A super-group of African philanthropists from across the continent are coming together to support each other's charitable efforts.
Singer Angelique Kidjo is a leader of the Africa Philanthropy Forum. (Photo: Fernando Leon/Getty Images)
It’s been routinely said that African countries benefit most from African solutions to their problems. Now, a collective of African philanthropists are putting that maxim into action by coming together and sharing what works best in the business of giving.
Forbes magazine reports:
“The leadership of the new group includes active philanthropists from Kenya, Nigeria, South Africa, Zimbabwe and Benin. They include Nigerian entrepreneur Tony Elumelu, founder of the Tony Elumelu Foundation; James Mwangi, CEO of Kenya’s Equity Bank and chairman of the Equity Foundation; Tsitsi Masiyiwa of Zimbabwe, who heads the Higher Life Foundation; Toyin Saraki of Nigeria, who founded the Wellbeing Africa Foundation; singer-songwriter Angelique Kidjo of Benin, UNICEF Goodwill ambassador and founder of the Batonga Foundation; Hylton Applebaum, managing director of the Donald Gordon Foundation of South Africa, and Manu Chandaria of Kenya, founder of the Chandaria Foundation. Reeta Roy, CEO of the MasterCard Foundation is also joining the group of leaders.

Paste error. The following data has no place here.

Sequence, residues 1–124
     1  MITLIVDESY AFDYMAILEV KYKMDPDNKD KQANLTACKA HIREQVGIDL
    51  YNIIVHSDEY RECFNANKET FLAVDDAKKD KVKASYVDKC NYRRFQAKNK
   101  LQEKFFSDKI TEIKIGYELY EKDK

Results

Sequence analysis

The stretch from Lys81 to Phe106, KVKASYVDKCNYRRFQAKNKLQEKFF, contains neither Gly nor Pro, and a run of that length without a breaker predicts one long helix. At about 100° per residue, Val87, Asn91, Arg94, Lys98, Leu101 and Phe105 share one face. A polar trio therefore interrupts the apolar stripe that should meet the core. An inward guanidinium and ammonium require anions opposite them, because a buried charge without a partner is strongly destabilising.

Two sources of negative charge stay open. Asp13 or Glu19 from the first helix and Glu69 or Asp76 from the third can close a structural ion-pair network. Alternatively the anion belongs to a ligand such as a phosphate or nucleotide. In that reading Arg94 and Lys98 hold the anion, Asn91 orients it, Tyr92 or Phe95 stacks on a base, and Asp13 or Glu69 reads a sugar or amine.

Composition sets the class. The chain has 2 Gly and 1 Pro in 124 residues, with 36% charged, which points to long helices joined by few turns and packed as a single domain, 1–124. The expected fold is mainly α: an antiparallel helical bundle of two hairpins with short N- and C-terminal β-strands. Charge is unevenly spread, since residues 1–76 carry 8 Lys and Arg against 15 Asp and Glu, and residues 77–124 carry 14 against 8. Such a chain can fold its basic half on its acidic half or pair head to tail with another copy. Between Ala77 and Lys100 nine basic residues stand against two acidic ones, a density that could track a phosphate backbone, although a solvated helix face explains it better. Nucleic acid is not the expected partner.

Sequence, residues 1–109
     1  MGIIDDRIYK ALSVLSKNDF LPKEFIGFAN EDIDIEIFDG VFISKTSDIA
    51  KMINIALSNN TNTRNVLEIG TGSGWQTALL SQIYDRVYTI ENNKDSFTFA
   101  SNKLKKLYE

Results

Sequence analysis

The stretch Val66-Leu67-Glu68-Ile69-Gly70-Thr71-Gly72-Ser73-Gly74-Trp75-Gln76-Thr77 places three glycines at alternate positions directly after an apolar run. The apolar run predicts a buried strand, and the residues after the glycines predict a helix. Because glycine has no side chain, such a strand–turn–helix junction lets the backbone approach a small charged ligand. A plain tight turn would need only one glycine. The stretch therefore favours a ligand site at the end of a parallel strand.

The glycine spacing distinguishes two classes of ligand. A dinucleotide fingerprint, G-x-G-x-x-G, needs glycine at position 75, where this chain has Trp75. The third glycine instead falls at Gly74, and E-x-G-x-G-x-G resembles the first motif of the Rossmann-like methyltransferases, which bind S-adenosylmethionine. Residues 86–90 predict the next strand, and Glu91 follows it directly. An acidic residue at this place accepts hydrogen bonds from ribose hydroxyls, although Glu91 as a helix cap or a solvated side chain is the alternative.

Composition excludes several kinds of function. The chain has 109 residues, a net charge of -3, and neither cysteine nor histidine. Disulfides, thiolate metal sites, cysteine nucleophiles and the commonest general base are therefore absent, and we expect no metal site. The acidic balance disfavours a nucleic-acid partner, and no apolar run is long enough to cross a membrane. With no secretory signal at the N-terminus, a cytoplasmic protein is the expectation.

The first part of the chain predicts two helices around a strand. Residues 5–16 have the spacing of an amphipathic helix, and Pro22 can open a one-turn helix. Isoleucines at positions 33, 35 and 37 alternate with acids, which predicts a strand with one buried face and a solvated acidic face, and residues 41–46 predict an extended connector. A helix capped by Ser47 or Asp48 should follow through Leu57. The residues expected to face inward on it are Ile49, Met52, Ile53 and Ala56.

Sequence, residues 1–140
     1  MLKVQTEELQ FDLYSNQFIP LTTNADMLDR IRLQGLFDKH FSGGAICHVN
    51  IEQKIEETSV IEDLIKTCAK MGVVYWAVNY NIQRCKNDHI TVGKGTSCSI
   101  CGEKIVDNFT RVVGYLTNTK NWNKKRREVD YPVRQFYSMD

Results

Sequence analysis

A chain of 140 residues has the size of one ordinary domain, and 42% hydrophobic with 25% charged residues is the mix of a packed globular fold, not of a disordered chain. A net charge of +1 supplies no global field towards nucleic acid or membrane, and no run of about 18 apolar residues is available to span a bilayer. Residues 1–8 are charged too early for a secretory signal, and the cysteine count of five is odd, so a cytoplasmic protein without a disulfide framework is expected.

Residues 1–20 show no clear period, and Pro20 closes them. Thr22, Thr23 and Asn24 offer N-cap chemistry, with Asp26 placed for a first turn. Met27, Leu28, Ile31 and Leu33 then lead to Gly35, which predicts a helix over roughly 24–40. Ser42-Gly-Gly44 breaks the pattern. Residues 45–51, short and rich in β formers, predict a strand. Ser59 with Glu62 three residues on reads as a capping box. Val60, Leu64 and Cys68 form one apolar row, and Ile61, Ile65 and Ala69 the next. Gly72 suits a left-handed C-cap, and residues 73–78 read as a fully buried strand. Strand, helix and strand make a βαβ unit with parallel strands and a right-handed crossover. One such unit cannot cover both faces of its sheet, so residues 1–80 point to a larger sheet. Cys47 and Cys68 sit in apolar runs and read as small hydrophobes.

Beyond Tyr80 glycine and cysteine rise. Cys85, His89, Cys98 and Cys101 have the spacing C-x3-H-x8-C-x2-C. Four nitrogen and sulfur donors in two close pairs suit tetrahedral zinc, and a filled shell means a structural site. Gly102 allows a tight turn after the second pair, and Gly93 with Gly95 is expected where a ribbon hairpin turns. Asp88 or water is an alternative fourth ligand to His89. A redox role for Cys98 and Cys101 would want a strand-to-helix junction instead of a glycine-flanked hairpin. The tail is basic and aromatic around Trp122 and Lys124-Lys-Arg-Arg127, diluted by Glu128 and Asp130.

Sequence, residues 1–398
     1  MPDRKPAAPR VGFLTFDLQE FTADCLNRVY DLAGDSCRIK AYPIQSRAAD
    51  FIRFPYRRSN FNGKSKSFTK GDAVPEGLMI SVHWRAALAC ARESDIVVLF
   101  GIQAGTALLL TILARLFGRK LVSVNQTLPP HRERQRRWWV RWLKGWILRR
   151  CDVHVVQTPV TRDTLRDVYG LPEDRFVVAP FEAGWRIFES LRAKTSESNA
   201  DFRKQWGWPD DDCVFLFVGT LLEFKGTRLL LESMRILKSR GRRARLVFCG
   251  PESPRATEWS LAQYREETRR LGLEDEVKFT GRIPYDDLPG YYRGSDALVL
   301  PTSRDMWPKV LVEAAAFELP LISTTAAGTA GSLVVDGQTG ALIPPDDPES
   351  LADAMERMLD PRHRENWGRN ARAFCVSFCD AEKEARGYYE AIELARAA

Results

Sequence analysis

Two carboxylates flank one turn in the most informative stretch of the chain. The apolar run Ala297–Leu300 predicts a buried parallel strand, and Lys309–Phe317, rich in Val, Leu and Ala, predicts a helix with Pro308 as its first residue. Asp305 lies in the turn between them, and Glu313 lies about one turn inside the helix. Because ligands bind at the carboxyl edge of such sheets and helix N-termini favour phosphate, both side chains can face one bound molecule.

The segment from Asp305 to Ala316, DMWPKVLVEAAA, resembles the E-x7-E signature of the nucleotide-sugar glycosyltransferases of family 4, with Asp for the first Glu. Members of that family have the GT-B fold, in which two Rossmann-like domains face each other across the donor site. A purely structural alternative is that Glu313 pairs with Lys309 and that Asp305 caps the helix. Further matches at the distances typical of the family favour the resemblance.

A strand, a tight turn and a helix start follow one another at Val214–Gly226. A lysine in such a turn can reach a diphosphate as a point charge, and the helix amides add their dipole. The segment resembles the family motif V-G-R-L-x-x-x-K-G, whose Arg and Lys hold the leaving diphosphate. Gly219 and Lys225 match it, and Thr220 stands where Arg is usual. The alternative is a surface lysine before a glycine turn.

At the Global Philanthropy Forum conference earlier this week, several of these philanthropists shared their stories of how they got started. As the wife of a governor of a state in Nigeria, Toyin Saraki was dismayed at how many “condolence calls” she was asked to make were to women who had died in childbirth. So she started the Wellbeing Foundation to help improve maternal, newborn and child health. James Mwangi founded Equity Bank and focused on providing banking services to the poor – a sector that other banks had ignored; the bank, now publicly traded, has grown to be one of Kenya’s five largest banks and the largest microfinance provider in East and Central Africa. His Equity Foundation partners with the bank on programs aimed at improving the socioeconomic status of low-income people.
After a five-year legal struggle by her husband, Strive Masiyiwa, to win the rights to launch a mobile phone network in Zimbabwe, Tsitsi Masiyiwa started the Higher Life Foundation to help some of Zimbabwe’s 1.2 million orphans, most of whom lost their parents to HIV/AIDS. Its Capernaum Trust arm has helped 40,000 orphans with school fees, life skills training and medical assistance.”
Read the full story here.
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